A breezy, buoyant bucketful of atmospheric basics.


A cloud experiences the ups and downs of the water cycle.

In a minimalist narrative attached to bright, very simple cartoon scenes in which everything from our nearest star to the tiniest water droplets sports a smiley face, Hodgson personifies but otherwise accurately represents natural processes. Sun (“I’m hot stuff!”) warms a lake so that evaporated drops rise and gather into Cloud, which, driven by a friend named Wind that “loves to blow warm air to cold places,” passes over mountains and under airplanes. When droplets cool off enough, they link up into geometrical flakes (“This is snow much fun!”), pack in until they fall as raindrops, or rub together to build up an electrical charge: “BOOM.” Clouds can gather from all over, then split up again (“Adiós!” “Sayonara!” “Jal gayo!”) after a storm while Sun shows off “a neat trick”: “RAINBOW!” The fleecy, blue-eyed wanderer returns at last to the lake…just in time for a meet-cute with a newly formed, pink-eyed compatriot. “Hi! I’m Cloud. What’s your name?” Younger cloud watchers drawn by the artless tone and the (literally) vivacious illustrations, which resemble tissue-paper collage enhanced with occasional brushwork, will be well set up to dive into deeper treatments of the topic, such as Antonia Banyard and Paula Ayer’s Water Wow! illustrated by Belle Wuthrich (2016). The small human figures visible in some scenes appear diverse. (This book was reviewed digitally with 9-by-14.6-inch double-page spreads viewed at 90% of actual size.)

A breezy, buoyant bucketful of atmospheric basics. (Informational picture book. 4-7)

Pub Date: Feb. 9, 2021

ISBN: 978-0-593-22491-5

Page Count: 64

Publisher: Rise x Penguin Workshop

Review Posted Online: Oct. 27, 2020

Kirkus Reviews Issue: Nov. 15, 2020

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A promising approach—but too underpowered to reach orbital velocity.



Young earthlings turn starry skies into playscapes in this first look at constellations.

On a page first glimpsed through a big die-cut hole in the front cover, Chagollan promises that stars “tell a thousand stories.” She goes on to describe brief scenarios in which residents of Earth interact with 15 Northern Hemisphere constellations. These range from Benjamin’s battle with a fierce dragon beneath Draco to a trio of unnamed ducklings who use the Swan to “find their way home.” Six further starry clusters bearing only labels are crowded into the final spread. In illustrations composed of thin white lines on matte black backgrounds (the characters formed by the stars are glossy), Aye colors significant stars yellow, connects them with dots, and encloses them in outlines of mythological figures that are as simply drawn as the animals and humans (and mermaid) below. As a practical introduction, this has little to offer budding sky watchers beyond a limited set of constellations—two, the Big Dipper and the Summer Triangle, are not official constellations at all but classified as asterisms—that are inconsistently labeled in Latin or English or both. Despite a closing invitation to go out and “find these stars in the sky,” the book provides no sky maps or verbal guidelines that would make that actually possible.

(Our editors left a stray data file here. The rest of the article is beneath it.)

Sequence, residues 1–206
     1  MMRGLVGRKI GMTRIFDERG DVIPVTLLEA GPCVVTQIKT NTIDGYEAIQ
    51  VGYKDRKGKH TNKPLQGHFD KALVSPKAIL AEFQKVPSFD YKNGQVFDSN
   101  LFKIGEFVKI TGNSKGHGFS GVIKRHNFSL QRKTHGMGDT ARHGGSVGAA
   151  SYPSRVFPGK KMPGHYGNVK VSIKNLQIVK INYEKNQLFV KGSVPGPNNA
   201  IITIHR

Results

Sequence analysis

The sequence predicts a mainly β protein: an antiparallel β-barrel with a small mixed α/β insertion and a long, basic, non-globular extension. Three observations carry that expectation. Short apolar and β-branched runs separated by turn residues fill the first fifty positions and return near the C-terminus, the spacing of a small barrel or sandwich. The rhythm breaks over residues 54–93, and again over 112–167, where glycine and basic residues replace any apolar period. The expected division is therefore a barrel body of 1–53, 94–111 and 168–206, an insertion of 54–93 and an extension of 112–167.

A promising approach—but too underpowered to reach orbital velocity. (Informational picture book. 4-6)

Pub Date: April 3, 2018

ISBN: 978-1-63322-509-1

Page Count: 32

Publisher: Walter Foster Jr.

Review Posted Online: March 4, 2018

Kirkus Reviews Issue: March 15, 2018

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Constrained verse distracts from timely, basic information about transforming food into fuel.



An introduction to the innovative (and smelly) processes that turn municipal food waste into electrical energy.

Donnelly follows the journey of food scraps from kitchen through composting bin and collection truck to a municipal digester, where the waste undergoes both human-engineered and microbe-assisted transformations. The author subjects her text to syllabic verse in rhymed triplets, a choice that places meter above clarity. Describing the digester, she writes: “A place where the waste / isn’t wasted: a tank / with the power to power our town, / where trash becomes gas, / and good riddance—that stank! / That’s the power of food breaking down.” Jacques’ illustrations adopt a retro, mid-20th-century look. Cutaways reveal the simplified inner works of the digester tank and electrical generator. Diverse workers are depicted in rather static poses; the featured family members have dark hair, varied brown skin tones, and minimally rendered, dot-and-comma facial features. “Tiny” microbes appear as large, colorful critters with googly eyes and smiles; there’s no indication that in reality they’re invisible to human eyes. A double-page summary (“Follow the Food Energy!”) reuses illustrations from previous pages to illustrate the food-to-electricity process. Within two concluding pages of facts, fossil fuels are characterized as “nonrenewable,” without mention of their dominant role in the climate crisis.

Constrained verse distracts from timely, basic information about transforming food into fuel. (further reading) (Informational picture book. 4-7)

Pub Date: March 17, 2020

ISBN: 978-1-250-30406-3

Page Count: 32

Publisher: Henry Holt

Review Posted Online: Dec. 8, 2019

Kirkus Reviews Issue: Jan. 1, 2020

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